A group of pathological conditions characterized by sudden, non-convulsive loss of neurological function due to BRAIN ISCHEMIA or INTRACRANIAL HEMORRHAGES. Stroke is classified by the type of tissue NECROSIS, such as the anatomic location, vasculature involved, etiology, age of the affected individual, and hemorrhagic vs. non-hemorrhagic nature. (From Adams et al., Principles of Neurology, 6th ed, pp777-810)
The presence of co-existing or additional diseases with reference to an initial diagnosis or with reference to the index condition that is the subject of study. Comorbidity may affect the ability of affected individuals to function and also their survival; it may be used as a prognostic indicator for length of hospital stay, cost factors, and outcome or survival.
Body Mass Index
An indicator of body density as determined by the relationship of BODY WEIGHT to BODY HEIGHT. BMI=weight (kg)/height squared (m2). BMI correlates with body fat (ADIPOSE TISSUE). Their relationship varies with age and gender. For adults, BMI falls into these categories: below 18.5 (underweight); 18.5-24.9 (normal); 25.0-29.9 (overweight); 30.0 and above (obese). (National Center for Health Statistics, Centers for Disease Control and Prevention)
European Continental Ancestry Group
Individuals whose ancestral origins are in the continent of Europe.
A distribution in which a variable is distributed like the sum of the squares of any given independent random variable, each of which has a normal distribution with mean of zero and variance of one. The chi-square test is a statistical test based on comparison of a test statistic to a chi-square distribution. The oldest of these tests are used to detect whether two or more population distributions differ from one another.
The ratio of two odds. The exposure-odds ratio for case control data is the ratio of the odds in favor of exposure among cases to the odds in favor of exposure among noncases. The disease-odds ratio for a cohort or cross section is the ratio of the odds in favor of disease among the exposed to the odds in favor of disease among the unexposed. The prevalence-odds ratio refers to an odds ratio derived cross-sectionally from studies of prevalent cases.
Therapy for the insufficient cleansing of the BLOOD by the kidneys based on dialysis and including hemodialysis, PERITONEAL DIALYSIS, and HEMODIAFILTRATION.
Measurable and quantifiable biological parameters (e.g., specific enzyme concentration, specific hormone concentration, specific gene phenotype distribution in a population, presence of biological substances) which serve as indices for health- and physiology-related assessments, such as disease risk, psychiatric disorders, environmental exposure and its effects, disease diagnosis, metabolic processes, substance abuse, pregnancy, cell line development, epidemiologic studies, etc.
Severity of Illness Index
Tumors or cancer of the COLON or the RECTUM or both. Risk factors for colorectal cancer include chronic ULCERATIVE COLITIS; FAMILIAL POLYPOSIS COLI; exposure to ASBESTOS; and irradiation of the CERVIX UTERI.
The physiological period following the MENOPAUSE, the permanent cessation of the menstrual life.
A heterogeneous condition in which the heart is unable to pump out sufficient blood to meet the metabolic need of the body. Heart failure can be caused by structural defects, functional abnormalities (VENTRICULAR DYSFUNCTION), or a sudden overload beyond its capacity. Chronic heart failure is more common than acute heart failure which results from sudden insult to cardiac function, such as MYOCARDIAL INFARCTION.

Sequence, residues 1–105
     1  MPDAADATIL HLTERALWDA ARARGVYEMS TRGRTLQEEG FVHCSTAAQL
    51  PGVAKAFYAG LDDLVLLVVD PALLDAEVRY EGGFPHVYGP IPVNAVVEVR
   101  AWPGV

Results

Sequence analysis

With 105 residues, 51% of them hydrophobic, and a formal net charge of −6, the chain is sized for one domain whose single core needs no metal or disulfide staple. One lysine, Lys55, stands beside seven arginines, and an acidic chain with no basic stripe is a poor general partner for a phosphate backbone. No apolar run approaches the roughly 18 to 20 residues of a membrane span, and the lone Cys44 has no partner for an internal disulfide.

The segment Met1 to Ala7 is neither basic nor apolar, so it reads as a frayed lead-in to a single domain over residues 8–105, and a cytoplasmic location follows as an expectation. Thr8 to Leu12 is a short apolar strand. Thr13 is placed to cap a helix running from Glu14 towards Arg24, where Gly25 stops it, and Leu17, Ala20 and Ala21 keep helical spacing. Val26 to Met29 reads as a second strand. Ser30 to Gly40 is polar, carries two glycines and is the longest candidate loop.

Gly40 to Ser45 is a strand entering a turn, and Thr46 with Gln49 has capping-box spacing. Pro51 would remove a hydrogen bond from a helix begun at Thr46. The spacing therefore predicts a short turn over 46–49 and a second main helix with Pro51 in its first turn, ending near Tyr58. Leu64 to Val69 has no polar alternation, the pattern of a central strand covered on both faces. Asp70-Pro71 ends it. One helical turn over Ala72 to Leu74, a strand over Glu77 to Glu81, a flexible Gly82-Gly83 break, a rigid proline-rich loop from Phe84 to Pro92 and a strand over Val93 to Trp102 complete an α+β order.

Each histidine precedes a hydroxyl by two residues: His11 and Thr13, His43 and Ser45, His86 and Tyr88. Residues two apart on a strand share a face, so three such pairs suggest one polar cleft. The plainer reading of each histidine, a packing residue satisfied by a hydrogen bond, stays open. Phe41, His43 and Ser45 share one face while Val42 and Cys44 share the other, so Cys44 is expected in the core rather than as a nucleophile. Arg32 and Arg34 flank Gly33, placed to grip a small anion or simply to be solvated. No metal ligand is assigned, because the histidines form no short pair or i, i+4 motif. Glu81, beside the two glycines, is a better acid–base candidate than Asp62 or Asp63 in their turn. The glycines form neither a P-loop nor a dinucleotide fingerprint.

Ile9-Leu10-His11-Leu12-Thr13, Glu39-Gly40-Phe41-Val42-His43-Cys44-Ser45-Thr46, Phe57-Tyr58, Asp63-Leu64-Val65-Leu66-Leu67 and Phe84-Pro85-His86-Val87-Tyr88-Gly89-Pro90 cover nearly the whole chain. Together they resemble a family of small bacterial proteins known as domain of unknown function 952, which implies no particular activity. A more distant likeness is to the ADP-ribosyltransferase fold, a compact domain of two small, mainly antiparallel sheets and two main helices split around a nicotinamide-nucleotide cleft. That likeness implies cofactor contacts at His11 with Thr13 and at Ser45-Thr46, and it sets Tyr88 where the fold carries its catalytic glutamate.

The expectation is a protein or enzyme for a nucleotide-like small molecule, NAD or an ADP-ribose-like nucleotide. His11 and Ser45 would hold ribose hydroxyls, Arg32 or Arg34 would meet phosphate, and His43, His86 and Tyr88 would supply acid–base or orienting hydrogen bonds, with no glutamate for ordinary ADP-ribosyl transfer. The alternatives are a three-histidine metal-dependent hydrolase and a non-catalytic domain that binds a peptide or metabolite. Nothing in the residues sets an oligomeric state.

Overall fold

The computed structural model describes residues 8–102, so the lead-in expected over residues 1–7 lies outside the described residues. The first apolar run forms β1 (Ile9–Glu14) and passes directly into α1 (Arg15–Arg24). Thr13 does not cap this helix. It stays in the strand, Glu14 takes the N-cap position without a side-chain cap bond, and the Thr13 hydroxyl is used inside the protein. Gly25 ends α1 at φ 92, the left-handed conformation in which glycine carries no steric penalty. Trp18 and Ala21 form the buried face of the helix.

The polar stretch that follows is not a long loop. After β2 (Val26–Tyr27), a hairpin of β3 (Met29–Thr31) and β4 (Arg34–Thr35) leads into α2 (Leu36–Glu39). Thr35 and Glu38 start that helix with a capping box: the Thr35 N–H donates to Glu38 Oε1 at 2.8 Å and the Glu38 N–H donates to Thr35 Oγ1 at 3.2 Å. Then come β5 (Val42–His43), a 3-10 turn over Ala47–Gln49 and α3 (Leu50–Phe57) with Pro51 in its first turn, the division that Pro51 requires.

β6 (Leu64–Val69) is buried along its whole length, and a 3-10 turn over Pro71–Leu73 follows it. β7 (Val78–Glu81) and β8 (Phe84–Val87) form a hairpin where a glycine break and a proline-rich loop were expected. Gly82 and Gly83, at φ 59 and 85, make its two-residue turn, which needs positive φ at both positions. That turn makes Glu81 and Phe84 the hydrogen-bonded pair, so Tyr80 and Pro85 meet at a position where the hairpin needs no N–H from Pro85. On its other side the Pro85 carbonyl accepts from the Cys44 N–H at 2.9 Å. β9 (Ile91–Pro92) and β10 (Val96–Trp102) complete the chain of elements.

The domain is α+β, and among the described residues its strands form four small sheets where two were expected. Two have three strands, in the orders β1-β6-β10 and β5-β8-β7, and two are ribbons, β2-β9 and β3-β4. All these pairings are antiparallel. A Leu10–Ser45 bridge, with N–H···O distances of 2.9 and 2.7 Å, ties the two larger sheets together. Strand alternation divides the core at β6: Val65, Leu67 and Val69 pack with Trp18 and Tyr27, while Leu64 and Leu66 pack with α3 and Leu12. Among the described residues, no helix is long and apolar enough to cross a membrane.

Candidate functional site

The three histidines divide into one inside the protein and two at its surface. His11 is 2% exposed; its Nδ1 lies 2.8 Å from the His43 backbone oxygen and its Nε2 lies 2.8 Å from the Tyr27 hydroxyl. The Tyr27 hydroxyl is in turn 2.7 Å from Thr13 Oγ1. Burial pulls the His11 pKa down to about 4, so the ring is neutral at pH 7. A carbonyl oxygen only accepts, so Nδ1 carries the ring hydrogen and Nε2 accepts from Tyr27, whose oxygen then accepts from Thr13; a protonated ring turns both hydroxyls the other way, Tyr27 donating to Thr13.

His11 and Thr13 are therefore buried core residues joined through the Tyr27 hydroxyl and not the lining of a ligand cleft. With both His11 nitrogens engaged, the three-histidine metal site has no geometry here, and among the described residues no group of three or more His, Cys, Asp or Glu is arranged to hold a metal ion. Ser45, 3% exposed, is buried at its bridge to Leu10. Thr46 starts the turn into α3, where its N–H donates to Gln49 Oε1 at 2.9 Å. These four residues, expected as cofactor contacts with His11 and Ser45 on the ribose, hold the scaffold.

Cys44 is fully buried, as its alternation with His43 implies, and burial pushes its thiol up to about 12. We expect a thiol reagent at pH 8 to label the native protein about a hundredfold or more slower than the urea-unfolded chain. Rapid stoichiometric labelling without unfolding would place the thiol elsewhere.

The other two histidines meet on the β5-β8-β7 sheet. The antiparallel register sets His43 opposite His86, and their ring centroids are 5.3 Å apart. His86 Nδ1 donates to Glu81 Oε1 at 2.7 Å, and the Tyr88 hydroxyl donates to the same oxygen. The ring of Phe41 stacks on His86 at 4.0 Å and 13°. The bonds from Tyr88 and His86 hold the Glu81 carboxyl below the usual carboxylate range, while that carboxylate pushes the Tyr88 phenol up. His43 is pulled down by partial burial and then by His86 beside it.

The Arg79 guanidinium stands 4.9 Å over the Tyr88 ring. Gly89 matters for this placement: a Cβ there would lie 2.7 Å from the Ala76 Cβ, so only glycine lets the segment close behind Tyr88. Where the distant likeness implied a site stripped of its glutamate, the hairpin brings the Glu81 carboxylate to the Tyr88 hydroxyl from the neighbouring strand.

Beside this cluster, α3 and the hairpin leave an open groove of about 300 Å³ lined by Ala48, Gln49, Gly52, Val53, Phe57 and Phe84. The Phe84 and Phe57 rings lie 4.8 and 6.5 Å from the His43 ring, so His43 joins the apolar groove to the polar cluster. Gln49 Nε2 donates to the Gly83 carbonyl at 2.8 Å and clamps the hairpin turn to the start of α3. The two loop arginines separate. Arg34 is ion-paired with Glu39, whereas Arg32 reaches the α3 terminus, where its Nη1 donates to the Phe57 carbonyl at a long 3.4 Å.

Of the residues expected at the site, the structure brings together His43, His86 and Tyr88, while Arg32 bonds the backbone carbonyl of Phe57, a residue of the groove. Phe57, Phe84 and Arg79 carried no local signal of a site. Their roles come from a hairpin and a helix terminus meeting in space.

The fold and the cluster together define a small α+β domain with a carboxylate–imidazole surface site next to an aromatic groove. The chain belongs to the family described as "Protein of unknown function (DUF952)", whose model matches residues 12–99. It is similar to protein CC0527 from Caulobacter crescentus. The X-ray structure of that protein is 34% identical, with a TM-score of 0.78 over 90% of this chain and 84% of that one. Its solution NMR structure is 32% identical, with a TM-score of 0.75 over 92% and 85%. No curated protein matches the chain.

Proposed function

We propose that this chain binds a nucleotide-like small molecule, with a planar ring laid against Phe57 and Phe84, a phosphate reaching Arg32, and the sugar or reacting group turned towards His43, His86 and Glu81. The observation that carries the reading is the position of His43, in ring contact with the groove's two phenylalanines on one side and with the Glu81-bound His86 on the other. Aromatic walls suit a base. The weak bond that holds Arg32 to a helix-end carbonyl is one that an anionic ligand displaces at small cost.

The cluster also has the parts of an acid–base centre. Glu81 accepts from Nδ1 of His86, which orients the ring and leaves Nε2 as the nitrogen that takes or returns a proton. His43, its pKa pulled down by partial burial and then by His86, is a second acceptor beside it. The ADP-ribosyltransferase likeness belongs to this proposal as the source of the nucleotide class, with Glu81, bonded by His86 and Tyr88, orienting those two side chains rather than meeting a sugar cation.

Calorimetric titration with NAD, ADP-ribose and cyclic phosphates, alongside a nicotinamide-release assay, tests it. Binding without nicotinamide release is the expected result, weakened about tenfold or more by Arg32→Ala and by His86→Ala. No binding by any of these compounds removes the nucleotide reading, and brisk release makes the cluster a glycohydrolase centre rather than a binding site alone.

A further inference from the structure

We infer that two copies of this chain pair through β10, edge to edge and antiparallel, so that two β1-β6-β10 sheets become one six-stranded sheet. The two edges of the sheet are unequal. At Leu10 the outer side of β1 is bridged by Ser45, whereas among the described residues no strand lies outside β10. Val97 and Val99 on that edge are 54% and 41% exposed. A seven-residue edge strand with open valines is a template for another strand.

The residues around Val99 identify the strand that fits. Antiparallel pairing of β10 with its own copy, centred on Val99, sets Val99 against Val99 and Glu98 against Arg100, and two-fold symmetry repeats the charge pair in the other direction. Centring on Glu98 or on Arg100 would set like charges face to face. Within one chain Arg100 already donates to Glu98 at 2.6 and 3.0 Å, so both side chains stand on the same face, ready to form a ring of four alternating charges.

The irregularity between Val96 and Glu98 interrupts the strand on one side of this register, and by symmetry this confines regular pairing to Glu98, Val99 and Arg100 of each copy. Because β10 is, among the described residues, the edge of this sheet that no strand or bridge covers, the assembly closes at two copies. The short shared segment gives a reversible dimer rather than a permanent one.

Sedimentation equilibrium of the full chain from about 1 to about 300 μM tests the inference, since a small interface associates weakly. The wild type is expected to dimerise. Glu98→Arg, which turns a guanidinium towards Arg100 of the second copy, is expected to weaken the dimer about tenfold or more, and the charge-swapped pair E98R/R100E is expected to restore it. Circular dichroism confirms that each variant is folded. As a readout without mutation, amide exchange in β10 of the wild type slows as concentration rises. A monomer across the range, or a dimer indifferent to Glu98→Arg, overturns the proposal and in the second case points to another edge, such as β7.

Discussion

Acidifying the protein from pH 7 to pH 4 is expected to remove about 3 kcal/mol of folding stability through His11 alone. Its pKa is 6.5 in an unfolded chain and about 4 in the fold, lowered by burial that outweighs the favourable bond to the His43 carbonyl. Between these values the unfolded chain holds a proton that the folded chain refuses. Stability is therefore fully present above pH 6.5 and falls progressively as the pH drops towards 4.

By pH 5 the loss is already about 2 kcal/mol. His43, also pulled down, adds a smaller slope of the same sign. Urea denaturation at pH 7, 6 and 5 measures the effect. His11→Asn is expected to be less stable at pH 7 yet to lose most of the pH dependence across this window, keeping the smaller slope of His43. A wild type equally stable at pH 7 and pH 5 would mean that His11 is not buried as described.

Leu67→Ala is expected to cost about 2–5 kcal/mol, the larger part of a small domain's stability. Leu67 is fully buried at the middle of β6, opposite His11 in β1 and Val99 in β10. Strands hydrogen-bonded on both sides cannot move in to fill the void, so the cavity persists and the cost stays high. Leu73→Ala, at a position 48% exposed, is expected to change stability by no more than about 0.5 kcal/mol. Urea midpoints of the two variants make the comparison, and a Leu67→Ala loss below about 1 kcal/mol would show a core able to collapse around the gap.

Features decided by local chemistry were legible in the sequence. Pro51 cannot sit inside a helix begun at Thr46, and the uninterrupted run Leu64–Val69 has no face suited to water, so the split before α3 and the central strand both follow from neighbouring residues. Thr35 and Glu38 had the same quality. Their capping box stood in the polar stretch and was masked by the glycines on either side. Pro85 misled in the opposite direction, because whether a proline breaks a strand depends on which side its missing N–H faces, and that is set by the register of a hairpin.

Persons living in the United States having origins in any of the black groups of Africa.
Procedures for finding the mathematical function which best describes the relationship between a dependent variable and one or more independent variables. In linear regression (see LINEAR MODELS) the relationship is constrained to be a straight line and LEAST-SQUARES ANALYSIS is used to determine the best fit. In logistic regression (see LOGISTIC MODELS) the dependent variable is qualitative rather than continuously variable and LIKELIHOOD FUNCTIONS are used to find the best relationship. In multiple regression, the dependent variable is considered to depend on more than a single independent variable.
Diabetes Mellitus, Type 2
A subclass of DIABETES MELLITUS that is not INSULIN-responsive or dependent (NIDDM). It is characterized initially by INSULIN RESISTANCE and HYPERINSULINEMIA; and eventually by GLUCOSE INTOLERANCE; HYPERGLYCEMIA; and overt diabetes. Type II diabetes mellitus is no longer considered a disease exclusively found in adults. Patients seldom develop KETOSIS but often exhibit OBESITY.
Combined Modality Therapy
Antiretroviral Therapy, Highly Active
Drug regimens, for patients with HIV INFECTIONS, that aggressively suppress HIV replication. The regimens usually involve administration of three or more different drugs including a protease inhibitor.
Analysis of Variance
CD4 Lymphocyte Count
Conditional probability of exposure to a treatment given observed covariates.
Extensive collections, reputedly complete, of facts and data garnered from material of a specialized subject area and made available for analysis and application. The collection can be automated by various contemporary methods for retrieval. The concept should be differentiated from DATABASES, BIBLIOGRAPHIC which is restricted to collections of bibliographic references.
Studies which start with the identification of persons with a disease of interest and a control (comparison, referent) group without the disease. The relationship of an attribute to the disease is examined by comparing diseased and non-diseased persons with regard to the frequency or levels of the attribute in each group.
Statistical models which describe the relationship between a qualitative dependent variable (that is, one which can take only certain discrete values, such as the presence or absence of a disease) and an independent variable. A common application is in epidemiology for estimating an individual's risk (probability of a disease) as a function of a given risk factor.
African Continental Ancestry Group